For Wellington Beaus, I write about one plantation in particular in all of the Wellington books, my inspiration for the Wellington Cross Plantation, and that is Berkeley Plantation. I’ve been there many times for house and garden tours, as well as to their annual thanksgiving celebration, and this past year, I was able to have a canopy set up and sold some of my books there. I also have visited other plantations and inns which inspired other homes that I write about – Weston Manor is my inspiration for Godfrey Wellington’s Wellington Manor, and 200 South Street Inn in Charlottesville, VA, is my inspiration for the Adams House (boarding house), which is on the cover of Wellington Belle. I love traveling to old historical places and learning about their history and imagining my own stories in them.

Why was writing Wellington Beaus so important to you?

In my historical series, I have been spreading stories out with about five years between the books, but for this one, I chose to stay at the same time period as book 4. I wanted to write more about the new characters that I fell in love with, and so I picked this one up right where the last one left off. I had ideas and plans for the new people, and certain events that had to happen, and it’s better to see that firsthand sometimes than thinking back to the past.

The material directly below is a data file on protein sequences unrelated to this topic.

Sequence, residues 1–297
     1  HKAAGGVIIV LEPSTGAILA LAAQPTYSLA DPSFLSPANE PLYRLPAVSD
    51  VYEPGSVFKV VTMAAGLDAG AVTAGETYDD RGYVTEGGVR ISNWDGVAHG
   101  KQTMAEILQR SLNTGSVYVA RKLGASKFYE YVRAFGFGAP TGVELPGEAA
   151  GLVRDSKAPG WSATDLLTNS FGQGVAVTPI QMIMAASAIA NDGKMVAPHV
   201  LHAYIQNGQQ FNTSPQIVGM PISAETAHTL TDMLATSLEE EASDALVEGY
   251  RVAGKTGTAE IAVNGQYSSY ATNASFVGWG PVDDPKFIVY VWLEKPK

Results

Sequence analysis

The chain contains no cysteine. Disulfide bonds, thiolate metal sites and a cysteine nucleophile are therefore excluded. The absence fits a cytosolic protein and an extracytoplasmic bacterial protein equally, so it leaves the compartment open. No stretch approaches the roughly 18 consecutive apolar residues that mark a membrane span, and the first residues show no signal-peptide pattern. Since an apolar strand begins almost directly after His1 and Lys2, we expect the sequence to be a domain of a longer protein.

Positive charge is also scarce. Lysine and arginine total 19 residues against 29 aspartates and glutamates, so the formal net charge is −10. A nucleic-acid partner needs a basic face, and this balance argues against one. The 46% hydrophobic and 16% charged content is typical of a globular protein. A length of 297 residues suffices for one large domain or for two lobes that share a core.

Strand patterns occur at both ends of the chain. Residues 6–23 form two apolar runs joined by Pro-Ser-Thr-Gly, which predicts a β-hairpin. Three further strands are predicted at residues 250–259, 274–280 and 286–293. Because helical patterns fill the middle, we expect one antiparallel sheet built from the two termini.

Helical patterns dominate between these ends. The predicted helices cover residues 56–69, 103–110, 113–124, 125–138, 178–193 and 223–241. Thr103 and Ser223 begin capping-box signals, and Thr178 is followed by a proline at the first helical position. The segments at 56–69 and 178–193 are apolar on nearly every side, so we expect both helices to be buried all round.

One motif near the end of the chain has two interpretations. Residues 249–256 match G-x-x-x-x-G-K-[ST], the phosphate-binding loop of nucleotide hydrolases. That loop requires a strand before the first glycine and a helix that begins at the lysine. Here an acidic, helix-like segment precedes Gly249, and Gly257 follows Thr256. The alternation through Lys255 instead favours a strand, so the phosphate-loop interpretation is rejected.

Where do you get your best ideas and why do you think that is?

I usually get my best ideas when I’m outside walking, listening to music. Sometimes the words in the songs inspire scenes in my head. I also do a lot of “what if…” thinking, like Stephen King talks about in On Writing. What if this happened, or what if that happened…can do a lot of good for a writer.

What are you currently working on? Do you have any new projects released in the coming months? If so, tell us about them.

I am currently working on book 6 in the Wellington Cross series. It might be titled, Wellington Letters. It will be three years down the road from Beaus, as my friend and fellow author reminded me that there was a Spanish-American War in 1898. I think wars are interesting times, and so I came up with a storyline for that war, but I also decided to write about a character from book 2, Wellington Grove, who was a cousin of the main character. Her name is Judy and she was a Southern woman who fell in love with a Union soldier during the Civil War. I wanted to go back and tell her story, and I’ve had an enjoyable time writing it. I will weave her story into the story of her nephew Liam, who goes to Cuba as a doctor in the Spanish-American War. I hope to have this ready for publication in the fall of this year.

Part II
These are the super fun get to know the author questions. Basically similar to Would you rather. Pick 5
Q: Winter or Summer? Between these two, summer, but I actually love spring and fall the best.
Q: Salad or Soup? Salad, almost every day, usually at lunch.
Q: Swimming in a lake or the ocean? Ocean – I live in Virginia Beach, so I know what it’s like to swim in the ocean, how deep it is, and generally what lives in it. There are too many unknowns at a lake, how deep, what creatures, depth, or whether there are rocks or other things lurking on the bottom.
Q: Coffee or Soda? Decaf coffee, every day.
Q: Sausage or Bacon? Bacon definitely.
Q: Brad Pitt or Tom Cruise?
As far as looks go, Brad Pitt – because he’s way cuter to me, and because Tom reminds me too much of my brother! Ha ha.